Shrinking Sensors Mean Wearables May Soon Disappear Into Your Skin
by Jeremy Wagstaff
Forget ‘wearables’, and even ‘hearables’. The next big thing in mobile devices: ‘disappearables’.
Even as the new Apple Watch piques consumer interest in wrist-worn devices, the pace of innovation and the tumbling cost, and size, of components will make wearables smaller – so small, some in the industry say, that no one will see them.
Within five years, wearables like the Watch could be overtaken by hearables – devices with tiny chips and sensors that can fit inside your ear. They, in turn, could be superseded by disappearables – technology tucked inside your clothing, or even inside your body.
“In five years, when we look back, everything we see (now) will absolutely be classified as toys, as the first very basic steps of getting this right,” says Nikolaj Hviid, the man behind smart earbuds called the Dash.
Developed by Munich-based Bragi GmbH, the Dash is a wireless in-ear headphone that looks like a discreet hearing aid. Packed inside is a music player, 4 gigabytes of storage, a microphone to take phone calls – just nod your head to accept – and sensors that monitor your position, heart rate and body temperature.
Nick Hunn, a consultant who lays claim to the term ‘hearables’, reckons the Dash is just the start. He predicts smartwatches will dominate wearable sales for the next three years, hearables will then overtake and, by 2020, will account for more than half of a $30 billion wearable device market.
This rapid shift is being driven, he says, by a new generation of chipsets using Bluetooth wireless communication and using far less power than their predecessors. Designers now realize “the ear has potential beyond listening to music – it’s an ideal site for measuring a variety of vital signs,” Hunn wrote in a recent report.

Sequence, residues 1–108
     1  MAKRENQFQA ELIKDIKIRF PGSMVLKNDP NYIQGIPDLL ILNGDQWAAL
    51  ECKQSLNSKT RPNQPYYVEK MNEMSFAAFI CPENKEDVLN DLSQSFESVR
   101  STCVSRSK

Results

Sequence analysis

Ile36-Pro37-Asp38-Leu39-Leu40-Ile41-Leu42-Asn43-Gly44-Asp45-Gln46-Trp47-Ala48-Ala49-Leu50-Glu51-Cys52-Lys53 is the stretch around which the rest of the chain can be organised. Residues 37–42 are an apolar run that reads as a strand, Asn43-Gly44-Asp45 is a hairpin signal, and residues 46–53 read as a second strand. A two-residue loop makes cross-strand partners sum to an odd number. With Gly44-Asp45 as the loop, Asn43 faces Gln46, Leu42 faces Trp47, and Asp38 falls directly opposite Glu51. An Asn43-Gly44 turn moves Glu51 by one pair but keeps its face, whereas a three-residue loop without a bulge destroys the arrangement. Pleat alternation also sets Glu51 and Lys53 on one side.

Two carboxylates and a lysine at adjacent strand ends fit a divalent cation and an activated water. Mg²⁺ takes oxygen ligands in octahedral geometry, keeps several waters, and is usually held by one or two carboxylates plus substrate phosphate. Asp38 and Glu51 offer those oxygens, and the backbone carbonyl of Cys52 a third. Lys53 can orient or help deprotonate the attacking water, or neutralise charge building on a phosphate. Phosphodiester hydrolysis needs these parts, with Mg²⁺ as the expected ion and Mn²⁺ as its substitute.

A parallel revolution in sensors is making this possible.
Kow Ping, whose Hong Kong company Well Being Digital Ltd provides algorithms and reference designs on wearable sensing to companies like Philips, Motorola, Haier and Parrot, says chipmakers have invested heavily in reducing the power consumption and size of sensors.
An accelerometer, which measures things like position, motion and orientation, for example, is now 1 square millimeter. “A few years ago,” he says, “it was two or three times as big and two or three times less refined.”
When they can harvest energy from the body’s heat or motion they’ll be even smaller, autonomous and ubiquitous.
Andrew Sheehy of Generator Research calculates that, for example, the heat in a human eyeball could power a 5 milliwatt transmitter – more than enough, he says, to power a connection from a smart contact lens to a smartphone or other controlling device.
And Ping’s company is working with a top Asian university to add sensors to a sports bra which could harvest energy from relative motion. In five years, he says, “there will be people building sensors into every existing wearable device or apparel.”
Bragi’s Hviid calls these ‘disappearables’. And while medical and fitness top the list of what these devices might measure, he and others are looking beyond that. A dozen sensors in your pants, he suggests, could advise on how to improve your posture or gait when trying to impress a suitor.
“It’s more like a butler … they do some basic stuff that you really want, but there are deeper experiences in there,” Hviid says.
Sheehy points beyond the personal, as parallel advances in machine learning and artificial intelligence “come together and lead to some remarkable use cases:” a politician’s contact lens, for example, might provide real-time feedback from a sample of voters, allowing for a speech to be tweaked on the fly.
A lot of this technology is already here.
Google is working with Novartis on a contact lens to measure glucose levels in tears. The healthcare group has also invested in Proteus Digital Health, a biotech start-up which promises edible embedded microchips, the size of a grain of sand, which are powered by stomach juices and transmit data via Bluetooth.
“We’re looking at a major technological revolution of a similar magnitude to the mobile revolution,” says Sheehy.